Originally Published on FutureHealth
I conclude with a story about a young woman's death with cancer. The story began traumatically. Through working together, we re-authored it to give meaning to a life that seemed all to short. The strictly biological story is one of tragic bad luck.
Tiffany was a 22 year old, young woman, just starting Divinity School, diagnosed with a rare form of bladder cancer that had already spread well beyond the bladder. She was only diagnosed when the cancer shut off the urine from from her kidneys, requiring a dramatic surgery to correct.
Tiffany's parents had resources and spared her no possible conventional or alternative therapy. Tiffany continued to decline despite everyone's efforts. In our early work, we used guided imagery, acupuncture, body work, energy work, hypnosis, and other techniques to control her discomforts (nausea, vomiting, bloating, pain). Tiffany was a fast learner and quickly mastered these techniques, achieving a comfort unique for advanced cancer patients. When this threshold had been passed, we began to consider spirituality. We began to seek meaning for her life, what had transpired and what was left of it. Tiffany had been frustrated in starting Divinity School, especially in her desire to study Meister Eckhart. So we began our own course, reading together his writings and discussing them.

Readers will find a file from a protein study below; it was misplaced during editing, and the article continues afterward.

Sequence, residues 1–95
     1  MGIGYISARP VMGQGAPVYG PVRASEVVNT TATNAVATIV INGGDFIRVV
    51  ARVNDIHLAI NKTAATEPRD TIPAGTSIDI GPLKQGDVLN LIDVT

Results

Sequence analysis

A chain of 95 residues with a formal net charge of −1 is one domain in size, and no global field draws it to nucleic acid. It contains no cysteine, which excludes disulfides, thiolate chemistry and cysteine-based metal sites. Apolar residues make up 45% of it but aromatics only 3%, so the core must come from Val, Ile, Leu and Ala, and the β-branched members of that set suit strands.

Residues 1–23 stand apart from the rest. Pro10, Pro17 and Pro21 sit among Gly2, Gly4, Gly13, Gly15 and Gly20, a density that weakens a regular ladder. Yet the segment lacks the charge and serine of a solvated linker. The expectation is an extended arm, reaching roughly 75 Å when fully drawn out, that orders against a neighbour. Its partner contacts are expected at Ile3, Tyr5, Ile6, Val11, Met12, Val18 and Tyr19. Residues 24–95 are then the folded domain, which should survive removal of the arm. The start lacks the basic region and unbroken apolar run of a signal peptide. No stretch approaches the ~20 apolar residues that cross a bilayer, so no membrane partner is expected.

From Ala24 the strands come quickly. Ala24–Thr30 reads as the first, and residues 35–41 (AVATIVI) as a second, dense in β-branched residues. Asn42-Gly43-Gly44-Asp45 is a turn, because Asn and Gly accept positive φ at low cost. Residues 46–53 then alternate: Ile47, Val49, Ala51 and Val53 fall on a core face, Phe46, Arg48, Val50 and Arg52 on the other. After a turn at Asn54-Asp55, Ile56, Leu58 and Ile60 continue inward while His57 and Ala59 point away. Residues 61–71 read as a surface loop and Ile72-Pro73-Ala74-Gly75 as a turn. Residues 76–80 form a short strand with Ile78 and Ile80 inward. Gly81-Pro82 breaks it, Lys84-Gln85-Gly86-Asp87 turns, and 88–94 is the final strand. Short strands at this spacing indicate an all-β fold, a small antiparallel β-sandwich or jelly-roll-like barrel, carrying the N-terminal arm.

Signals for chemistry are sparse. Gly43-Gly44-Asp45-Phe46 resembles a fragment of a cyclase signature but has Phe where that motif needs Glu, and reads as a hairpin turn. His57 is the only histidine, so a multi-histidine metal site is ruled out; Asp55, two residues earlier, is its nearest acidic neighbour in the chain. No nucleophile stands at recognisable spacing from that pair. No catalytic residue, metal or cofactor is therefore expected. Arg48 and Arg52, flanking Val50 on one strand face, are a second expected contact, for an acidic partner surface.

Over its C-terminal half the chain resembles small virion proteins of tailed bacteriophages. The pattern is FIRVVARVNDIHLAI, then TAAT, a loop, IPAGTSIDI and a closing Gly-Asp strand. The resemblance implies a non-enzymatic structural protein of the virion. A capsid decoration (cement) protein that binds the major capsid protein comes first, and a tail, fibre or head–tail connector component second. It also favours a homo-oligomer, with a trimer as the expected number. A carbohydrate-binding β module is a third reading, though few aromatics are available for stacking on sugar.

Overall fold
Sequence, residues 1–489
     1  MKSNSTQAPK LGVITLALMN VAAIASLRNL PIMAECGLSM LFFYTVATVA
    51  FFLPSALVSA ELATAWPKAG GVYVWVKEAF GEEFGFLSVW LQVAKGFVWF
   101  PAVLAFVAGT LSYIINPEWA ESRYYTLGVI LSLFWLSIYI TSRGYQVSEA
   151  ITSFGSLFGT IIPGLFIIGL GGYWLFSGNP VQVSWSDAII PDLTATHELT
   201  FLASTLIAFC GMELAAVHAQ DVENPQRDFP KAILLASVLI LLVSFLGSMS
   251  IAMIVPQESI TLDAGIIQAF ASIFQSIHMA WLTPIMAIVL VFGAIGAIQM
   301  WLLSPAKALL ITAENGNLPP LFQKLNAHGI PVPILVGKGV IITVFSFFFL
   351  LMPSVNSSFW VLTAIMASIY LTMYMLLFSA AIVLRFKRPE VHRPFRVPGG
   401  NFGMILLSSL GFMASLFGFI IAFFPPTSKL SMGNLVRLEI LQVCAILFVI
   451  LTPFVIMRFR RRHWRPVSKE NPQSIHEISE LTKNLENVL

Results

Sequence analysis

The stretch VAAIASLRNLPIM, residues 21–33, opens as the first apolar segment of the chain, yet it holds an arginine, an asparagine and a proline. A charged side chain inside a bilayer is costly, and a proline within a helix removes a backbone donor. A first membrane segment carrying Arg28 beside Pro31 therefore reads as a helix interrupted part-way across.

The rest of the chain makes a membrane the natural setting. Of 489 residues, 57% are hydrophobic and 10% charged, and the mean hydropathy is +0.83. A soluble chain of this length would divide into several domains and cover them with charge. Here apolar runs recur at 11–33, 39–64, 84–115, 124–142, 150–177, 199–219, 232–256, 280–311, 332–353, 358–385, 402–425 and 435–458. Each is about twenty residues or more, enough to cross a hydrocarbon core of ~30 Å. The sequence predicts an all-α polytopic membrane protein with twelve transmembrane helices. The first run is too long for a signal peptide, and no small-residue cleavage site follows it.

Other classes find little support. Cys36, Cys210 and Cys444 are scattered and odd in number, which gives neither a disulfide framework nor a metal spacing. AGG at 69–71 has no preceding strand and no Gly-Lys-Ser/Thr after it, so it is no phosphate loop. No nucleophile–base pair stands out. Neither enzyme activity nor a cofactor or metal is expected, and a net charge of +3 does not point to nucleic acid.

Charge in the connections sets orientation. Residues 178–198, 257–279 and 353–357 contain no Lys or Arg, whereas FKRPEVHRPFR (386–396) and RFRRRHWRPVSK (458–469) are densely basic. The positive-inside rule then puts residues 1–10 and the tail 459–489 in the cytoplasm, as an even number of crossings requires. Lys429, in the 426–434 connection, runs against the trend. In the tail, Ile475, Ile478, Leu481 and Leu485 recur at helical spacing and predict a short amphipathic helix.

My image was of Tiffany's trekking in the desert, following Christ's path to wander alone, hungry and thirsty, for forty days and forty nights. I perceived her as pursuing holiness. Mother Teresa was her ideal, the person she most respected. During college she had visited Mother Teresa in Calcutta and aspired to be like her. Jesus was her other hero. I don't know why Tiffany developed cancer. I don't know if it had anything to do with psychological or spiritual factors. I do know that Tiffany's pursuit of holiness through the course of her cancer brought a meaning to her suffering and to her death that no one could dispute. Tiffany became a Mother Teresa or Christ-like character in her suffering.
Tiffany told me that she wished to completely empty herself of will and desire. She believed that "only the empty ones can be filled by Spirit. If you are full, Spirit has no room to enter. Spirit is attracted to the empty spaces within the soul, not to the sites of fullness." She believed that emptiness would allow her to enter into the Kingdom of Heaven.
In one of our readings, Meister Eckhart wrote, "So long as a person has his own wish in him to fulfill even the ever-beloved will of God, if that is still a matter of his will, then this person does not yet possess the poverty of which we want to speak....For a human being to possess true poverty, he or she must be as free of his or her created will as they were when they did not yet exist." Tiffany aspired to become nothing but the pure will of God as she died, to be empty of all else but God.